The app is now free to download from Google Play Store and App Store and hopefully simple to use.   Learning how the tech world operates, has been an eye opener for someone who has working in the mining industry their entire life.
Here is a video on how the app works.
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Ore Stockpiling – Why are we doing this again?

ore stockpile
In many of the past mining studies that I have worked, stockpiling strategies were discussed and usually implemented. However sometimes team members were surprised at the size of the stockpiles that were generated by the production plan. In some cases it was apparent that not all team members were clear on the purpose of  stockpiling or had preconceived ideas on the rationale behind it. To many stockpiling may seem like a good idea until they saw it in action.
Mine Stockpile
In this blog I won’t go into all the costs and environmental issues associated with stockpile operation.  The discussion focuses on the reasons for stockpiling and why stockpiles can get large in size or numerous in quantity.
In my experience there are four main reasons why ore stockpiling might be done. They are:
1. Campaigning: For metallurgical reasons if there are some ore types that can cause process difficulties if mixed  with other ores. The problematic ore might be stockpiled until sufficient inventory allows one to process that ore (i.e. campaign) through the mill. Such stockpiles will only grow as large as the operator allows them to grow. At any time the operator can process the material and deplete the stockpile. Be aware that mining operations might still be mining other ore types, then those ores may need to be stockpiled during the campaigning.  That means even more ore stockpiles at site.
2. Grade Optimization: This stockpiling approach is used in situations where the mine delivers more ore than is required by the plant, thereby allowing the best grades to be processed directly while lower grades are stockpiled for a future date. Possibly one or more grade stockpiles may be used, for example a low grade and a medium-low grade stockpile. Such stockpiles may not get processed for years, possibly until the mine is depleted or until the mined grades are lower than those in the stockpile. Such stockpiles can grow to enormous size if accumulated over many years.  Oxidation and processability may be a concern with long term stockpiles.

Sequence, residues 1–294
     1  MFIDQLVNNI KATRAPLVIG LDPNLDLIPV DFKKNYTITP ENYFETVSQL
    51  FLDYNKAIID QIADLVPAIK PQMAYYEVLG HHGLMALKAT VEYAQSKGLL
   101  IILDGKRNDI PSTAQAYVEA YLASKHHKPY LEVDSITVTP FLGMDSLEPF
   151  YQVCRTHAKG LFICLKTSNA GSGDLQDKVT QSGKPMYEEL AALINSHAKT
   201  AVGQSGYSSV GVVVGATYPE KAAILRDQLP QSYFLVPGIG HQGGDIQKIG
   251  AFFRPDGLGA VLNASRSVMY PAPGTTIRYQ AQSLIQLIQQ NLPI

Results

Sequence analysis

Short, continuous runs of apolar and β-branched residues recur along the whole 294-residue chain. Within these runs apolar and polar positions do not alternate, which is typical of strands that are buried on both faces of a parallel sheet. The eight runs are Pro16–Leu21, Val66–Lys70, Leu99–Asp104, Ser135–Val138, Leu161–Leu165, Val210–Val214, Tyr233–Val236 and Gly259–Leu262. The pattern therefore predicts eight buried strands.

3. Surge Control: Surge piles may be used in cases where the mine may have a fluctuating ore delivery rate and on some days excess ore is produced while other days there is underproduction. The stockpile is simply used to make up the difference to the plant to provide a steady feed rate. These stockpiles are also available as short term emergency supply if for some reason the mine is shut down (e.g. extreme weather). In general such stockpiles may be relatively small in size since they are simply used for surge control.
4. Blending: Blending stockpiles may be used where a processing plant needs a certain quality of feed material with respect to head grade or contaminant ratios (silica, iron, etc.). Blending stockpiles enables the operator to ensure the plant feed quality to be within a consistent range. Such stockpiles may not be large individually; however there could be several of them depending on the nature of the orebody.
There may be other stockpiling strategies beyond the four listed above but those are the most common.

Test Stockpiling Strategies